The Old South End Schoolhouse in Southington, a one-room school, was built sometime after 1810, when the original and smaller schoolhouse on the site, built around 1760, burned down. The schoolhouse was in use until the new South End Elementary School opened in 1955. The old schoolhouse is now owned and operated as a museum by the Southington Historical Society.
Located next to the Indian River, Clinton‘s Town Hall was built in between 1936 and 1938. It is named in honor of William Stanton Andrews, a native of Clinton, who donated the building. In addition to town offices, the William Stanton Andrews Memorial Town Hall contains a theater and the Clinton Historical Society Museum Room.
At 24 Linwood Avenue in Colchester, next to the Cragin Memorial Library, is a historic house which is now home to the Colchester Historical Society. Built around 1840 by Reverend John Bates Ballard, a Baptist minister, it is transitional between the Greek Revival and Italianate styles. The house remained in the Ballard family until 1908, when it was bequeathed to the Colchester Borough Baptist Church for use as a parsonage. After the Baptist congregation merged with the Colchester Federated Church in 1949, the house passed through various owners. By the 1990s, it was in a dilapidated state, but was saved with grant money and funds from the Colchester Historical Society (founded in 1963). It is now a museum of the town’s history.
The Thomaston Railway Station, built in 1881, was part of the Naugatuck Railroad which began operations in September of 1849. The building served as a railway station until 1958, but then suffered from years of neglect and an arson fire in 1993. Since 1999, the station has been the home base of the Railroad Museum of New England, which now operates the Naugatuck Railroad, a scenic train ride between Waterville and Thomaston.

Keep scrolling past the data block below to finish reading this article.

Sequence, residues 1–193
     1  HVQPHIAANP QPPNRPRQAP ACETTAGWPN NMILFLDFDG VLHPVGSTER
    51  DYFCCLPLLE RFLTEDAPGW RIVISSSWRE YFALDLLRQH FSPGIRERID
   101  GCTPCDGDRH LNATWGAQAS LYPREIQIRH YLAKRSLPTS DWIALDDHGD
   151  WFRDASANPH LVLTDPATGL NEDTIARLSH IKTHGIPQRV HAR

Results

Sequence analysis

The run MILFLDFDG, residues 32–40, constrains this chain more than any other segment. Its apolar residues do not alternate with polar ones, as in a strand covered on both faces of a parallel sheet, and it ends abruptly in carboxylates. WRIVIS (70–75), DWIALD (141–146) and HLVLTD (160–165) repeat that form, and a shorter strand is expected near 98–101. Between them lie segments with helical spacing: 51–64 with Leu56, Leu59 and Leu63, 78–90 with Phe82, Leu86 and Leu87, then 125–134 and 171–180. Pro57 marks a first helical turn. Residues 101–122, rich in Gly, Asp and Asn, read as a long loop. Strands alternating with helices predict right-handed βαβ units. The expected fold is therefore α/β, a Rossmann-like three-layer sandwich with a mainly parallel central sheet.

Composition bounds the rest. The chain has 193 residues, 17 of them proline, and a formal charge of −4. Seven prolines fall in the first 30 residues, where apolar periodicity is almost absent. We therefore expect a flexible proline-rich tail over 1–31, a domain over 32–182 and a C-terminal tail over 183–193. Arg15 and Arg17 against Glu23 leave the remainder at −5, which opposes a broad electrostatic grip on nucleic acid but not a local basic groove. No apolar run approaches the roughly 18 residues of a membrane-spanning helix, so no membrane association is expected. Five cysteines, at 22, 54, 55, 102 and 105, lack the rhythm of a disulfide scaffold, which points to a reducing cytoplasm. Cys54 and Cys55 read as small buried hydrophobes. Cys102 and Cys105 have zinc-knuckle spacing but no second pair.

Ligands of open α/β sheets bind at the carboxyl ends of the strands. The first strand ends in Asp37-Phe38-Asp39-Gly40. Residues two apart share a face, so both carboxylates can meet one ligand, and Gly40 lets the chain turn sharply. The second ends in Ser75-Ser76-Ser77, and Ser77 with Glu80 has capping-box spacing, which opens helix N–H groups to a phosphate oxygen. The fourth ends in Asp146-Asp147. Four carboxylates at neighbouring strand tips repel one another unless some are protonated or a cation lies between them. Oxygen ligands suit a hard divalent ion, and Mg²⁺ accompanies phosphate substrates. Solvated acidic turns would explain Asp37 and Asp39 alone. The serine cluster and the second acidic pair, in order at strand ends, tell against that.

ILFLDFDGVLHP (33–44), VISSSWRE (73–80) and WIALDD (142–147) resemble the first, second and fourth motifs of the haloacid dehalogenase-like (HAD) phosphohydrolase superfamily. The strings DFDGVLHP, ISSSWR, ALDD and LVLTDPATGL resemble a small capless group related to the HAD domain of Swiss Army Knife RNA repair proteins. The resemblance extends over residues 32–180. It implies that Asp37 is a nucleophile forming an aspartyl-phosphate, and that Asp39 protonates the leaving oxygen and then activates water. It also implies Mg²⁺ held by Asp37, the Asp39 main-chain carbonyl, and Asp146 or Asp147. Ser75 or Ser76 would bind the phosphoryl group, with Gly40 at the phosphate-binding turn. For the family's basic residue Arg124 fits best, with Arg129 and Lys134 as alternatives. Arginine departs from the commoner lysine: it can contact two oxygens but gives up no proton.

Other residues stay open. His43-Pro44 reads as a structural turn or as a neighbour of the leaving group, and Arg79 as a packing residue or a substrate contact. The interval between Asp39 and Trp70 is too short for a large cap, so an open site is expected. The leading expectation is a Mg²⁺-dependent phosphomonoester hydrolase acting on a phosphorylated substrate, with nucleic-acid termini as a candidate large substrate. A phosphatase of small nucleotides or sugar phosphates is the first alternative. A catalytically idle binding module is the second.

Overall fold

On Main Street, across from the Green in Bethlehem, is the former District #1 Schoolhouse, also known as the Center School. One of nine district schools in town, it was built in 1865 (or perhaps in 1832?) and later, after the district schools were consolidated in 1914, served for many years as the town library. It was then used by the Episcopal Church for their summer fair and other events. The building was moved south to its present location in 1912 when Memorial Hall was built next door. Restored by the Old Bethlem Historical Society, the school is now a museum.
The John Turner House (also known as the Turner-Stebbins-Chamberlain House) is a brick Federal-style structure at 290 North River Road (at the intersection with Route 44) in Coventry. The house was built around 1812/1814 for John Turner, one of several incorporators of the Coventry Glass Company, which made and sold a variety of bottles and other glass products from c. 1813 to 1848. Turner was later one of the founders of the Ellenville Glass Company in New York state. That company was organized in 1836 by a group of glass makers from Coventry and Willington, Connecticut. Currently under development is the Museum of Connecticut Glass, which has owned the Turner House in Coventry since 1994. The house will contain the museum’s permanent exhibits and offices, while a second building, acquired by the Museum in 2005, will house the institution‘s education and activity facilities.
Born in Wolcott in 1785, Seth Thomas first worked in the clock business under Eli Terry and later purchased Terry’s clock-making business in 1810. Thomas moved to Plymouth Hollow (later named Thomaston in his honor) in 1813 and founded the famous Seth Thomas Clock Company, which continued in business until the 1980s. In 1838, Seth Thomas purchased the house at 237 Main Street in Thomaston from Marvin Blakeslee. It had probably been built in about 1825 and is the only remaining of the five houses owned by the Thomas family on Main Street. In 1850, Thomas sold it to his daughter, Amanda Thomas Bradstreet, whose husband, Thomas Jefferson Bradstreet, was a descendant of the Puritan poet, Anne Bradstreet. The house remained in the family until the death of Miss Edith Bradstreet Mather in 2004. The following year, the Town of Thomaston bought the property from her surviving sister, Clara-Louise Mather Riggs. The Thomas-Bradstreet House, restored by the Thomaston Historical Commission, is now a house museum open to the public.